A new paper suggests special patient populations including the disabled or LGBT patients, may receive substandard medical care because of an unconscious bias held by physicians.
Physicians’ reluctance to discuss disabilities, sex, work, and independence with disabled patients, who comprise nearly 20 percent of Americans, deprives patients of high quality care by leaving important health concerns unaddressed, said Joshua Coren, D.O., a Rowan University professor of family medicine.
Primary care providers frequently fail to discuss contraception, sexually transmitted diseases, emotional health, and basic wellness concerns like diet, exercise, smoking, and alcohol use with patients who have disabilities, Coren added.
“The statistics make a very compelling case that as osteopathic physicians, we need to overcome our subconscious perceptions and make sure we see every patient as a whole person, particularly when they are living with a disability. Disabled individuals have sex, use alcohol and drugs, overeat and under-exercise like other populations, yet their doctors tend to avoid those topics,” Coren said.
While more commonly recognized, attitudes toward LGBT patients require physicians to examine their own behavior for unintentional biases.
The LGBT population faces different challenges, primarily cultural attitudes that favor heterosexuals. Multiple studies have shown that homophobia and heterosexism occur in the practice of medicine and give rise to substandard assessment and treatment of medical problems in LGBT patients.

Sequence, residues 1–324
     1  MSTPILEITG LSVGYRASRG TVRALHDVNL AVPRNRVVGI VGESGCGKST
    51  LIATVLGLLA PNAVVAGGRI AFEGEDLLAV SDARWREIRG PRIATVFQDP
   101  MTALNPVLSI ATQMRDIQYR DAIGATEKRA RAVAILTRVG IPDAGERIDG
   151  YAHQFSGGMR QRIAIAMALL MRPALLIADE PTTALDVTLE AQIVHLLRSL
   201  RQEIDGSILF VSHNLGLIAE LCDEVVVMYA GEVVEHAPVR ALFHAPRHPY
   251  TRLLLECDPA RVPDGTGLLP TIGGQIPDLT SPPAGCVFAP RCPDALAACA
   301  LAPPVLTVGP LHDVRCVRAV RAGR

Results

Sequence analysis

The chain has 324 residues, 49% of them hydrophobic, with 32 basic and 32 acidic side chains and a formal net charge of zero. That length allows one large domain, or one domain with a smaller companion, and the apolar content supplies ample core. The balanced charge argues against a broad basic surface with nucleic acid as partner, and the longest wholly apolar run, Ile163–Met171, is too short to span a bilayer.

LGBT Affirmative Physician Attitudes:
- Don’t automatically assume that a patient is heterosexual;
- Adopt the belief that homophobia, not sexual orientation, is the problem;
- Accept that a gay, lesbian, bisexual, or transgendered identity is a positive outcome;
- Work with patients to decrease internalized homophobia to help them achieve a positive identity;
- Have basic knowledge about human sexuality;
- Deal with one’s homophobia and heterosexist bias if it occurs.
Failure to address unconscious biases decreases the physician’s ability to prevent disease, which is a basic tenet of medicine.
Prevention is also a primary concern for LGBT populations, which disproportionately experience social and behavioral risk factors, including higher rates of smoking, alcohol use, and depression.
Physicians, particularly those with strong religious convictions, are encouraged to examine their belief systems closely and monitor their own behavior for negative reactions to LGBT patients.
Coren will present his recommendations at OMED 15, the annual medical conference for osteopathic physicians (DOs), to be held October 17-21 in Orlando, Florida.